I see more and more articles about the failures of suggestion boxes, including “idea management” software companies who promise “a suggestion box that actually works” or such (see my post on how Kaizen and KaiNexus are different than suggestion boxes and idea management games).
Recently, I read articles from Pakistan and Saudi Arabia, even, about how suggestion boxes don’t work.
The Saudi Gazette writes that “Citizens lose hope in suggestion boxes.”
From the article:
Suggestion boxes are put up in organizations for receiving feedbacks and suggestions from customers, in order to improve and provide better services. However, it has been noticed that the authorities pay no heed to them and these so-called suggestion boxes are just hanging in a corner getting stuffed and gathering dust.
I definitely think that there are better methods to engage employees in improvement (such as managers actually talking and collaborating with employees or more transparent methods like the visual idea board). Suggestion boxes are passive, while the Kaizen process is one where employees can actively participate in the implementation of their ideas. Suggestion boxes might be more valid with for customer feedback (although I’d still prefer a customer talk to me directly so we can interact instead of using what they wrote on a card in a box).
If “authorities pay no heed” to suggestion boxes, then the whole thing is a sham and Saudis should be frustrated.
The Saudi article, though, also talks about the use (or misuse) of a suggestion box in a hospital:
Recently, at a private hospital, a physician mistreated and offended one of his patients. The distraught patient, Samia, left his clinic and headed straight to the suggestion box to write and record her complaint, but she was surprised to find a thick layer of dust covering the box and there were no papers or pens to use either.
“The suggestions box was neglected and in a shabby condition and it was quite evident that it had not been opened in months. Clearly, the hospital administration do not bother with the suggestion box. So, what is the purpose of keeping one? Is it only there to give patients the impression that their complaints are being heard?” asked an angry Samia. However, she was insistent on reporting the physician’s hostility so she personally visited the hospital director’s office to inform him of the incident. Ironically, the director listened to her for a couple of minutes and then advised her to fill out a form and drop it in the suggestions box.
That’s too much… yeah, please take your complain to the suggestion box so we can ignore it.
If leaders really wanted to, they could probably make a suggestion box system work. As the Saudi article says:
To regain the public’s trust in suggestion boxes, the administrators and managers must take certain steps to make sure that these boxes are well maintained, checked frequently, the suggestions are read and due course of action is taken.
This would be true for an employee suggestion box, but I still think the Kaizen process and visual idea boards are advantageous.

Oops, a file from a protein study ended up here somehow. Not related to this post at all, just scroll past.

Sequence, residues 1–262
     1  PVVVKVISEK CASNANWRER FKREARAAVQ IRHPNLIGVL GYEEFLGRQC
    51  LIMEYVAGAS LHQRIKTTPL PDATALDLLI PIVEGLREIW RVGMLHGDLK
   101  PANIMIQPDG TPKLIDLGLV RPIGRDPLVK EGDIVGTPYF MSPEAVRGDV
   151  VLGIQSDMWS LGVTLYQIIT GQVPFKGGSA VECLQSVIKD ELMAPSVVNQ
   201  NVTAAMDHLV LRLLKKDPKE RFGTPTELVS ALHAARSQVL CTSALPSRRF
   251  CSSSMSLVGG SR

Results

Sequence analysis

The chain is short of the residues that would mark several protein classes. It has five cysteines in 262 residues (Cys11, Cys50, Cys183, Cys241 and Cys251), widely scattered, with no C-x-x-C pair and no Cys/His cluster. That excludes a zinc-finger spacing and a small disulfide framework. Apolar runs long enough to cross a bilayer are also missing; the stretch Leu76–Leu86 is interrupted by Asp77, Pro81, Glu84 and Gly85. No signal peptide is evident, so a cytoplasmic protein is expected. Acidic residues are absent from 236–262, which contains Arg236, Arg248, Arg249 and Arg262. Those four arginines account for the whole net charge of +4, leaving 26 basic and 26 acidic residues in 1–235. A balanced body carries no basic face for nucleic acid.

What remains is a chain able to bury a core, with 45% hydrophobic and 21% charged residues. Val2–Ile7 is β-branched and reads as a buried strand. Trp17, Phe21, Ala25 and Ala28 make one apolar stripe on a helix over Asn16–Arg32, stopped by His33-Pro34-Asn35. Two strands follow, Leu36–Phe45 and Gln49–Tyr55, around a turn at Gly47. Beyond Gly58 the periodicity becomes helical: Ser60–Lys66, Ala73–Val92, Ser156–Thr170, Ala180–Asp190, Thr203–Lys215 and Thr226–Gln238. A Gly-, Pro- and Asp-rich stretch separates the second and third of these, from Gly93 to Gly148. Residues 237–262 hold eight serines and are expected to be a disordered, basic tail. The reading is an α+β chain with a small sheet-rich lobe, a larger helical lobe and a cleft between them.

The News, in Karachi Pakistan, has this article: “Lodge a complaint and forget it.” The article suggests that putting something in a suggestion box is “a waste of time.”
From the article:
Suggestion and compliant boxes put up in different organisations welcoming feedbacks, suggestions and complaints from customers are hardly looked upon. The authorities pay no heed to them and these so-called suggestion boxes and compliant boxes are just hanging in a corner getting stuffed and gathering dust.
If that’s the norm in Pakistan, that’s not surprising. It seems like human nature to want to hang a box that makes it SEEM like you care about feedback, even if you don’t.
Again, a hospital gets called out for not listening to customers/patients:
A doctor mistreated and offended one of his patients at a private hospital recently. The patient, Maqbool Alam, left his clinic and headed straight to the suggestion box to write and record his complaint, but he was surprised to find a layer of dust covering the box and there were no papers or pens to use either.
“The suggestions box was in a poor condition and it was quite evident that it had not been checked in months. Clearly, the hospital administration does not bother with the box. So, what is its purpose? Is it only there to give patients the impression that their complaints are being heard?” asked Alam.
It seems amazing, but maybe it’s not surprising that it’s the same story all around the world.
To make an improvement process work, we can’t just automate the broken suggestion box model. Buying software doesn’t mean that the leadership mindset has changed – in Dallas, in Riyadh, or in Karachi. It’s not the technology (box, software, or visual idea board) that truly matters, it’s the mindset.
That’s why our upcoming book Healthcare Kaizen is more about the culture and leadership models required to make Kaizen work than it is about the mechanics of the process.
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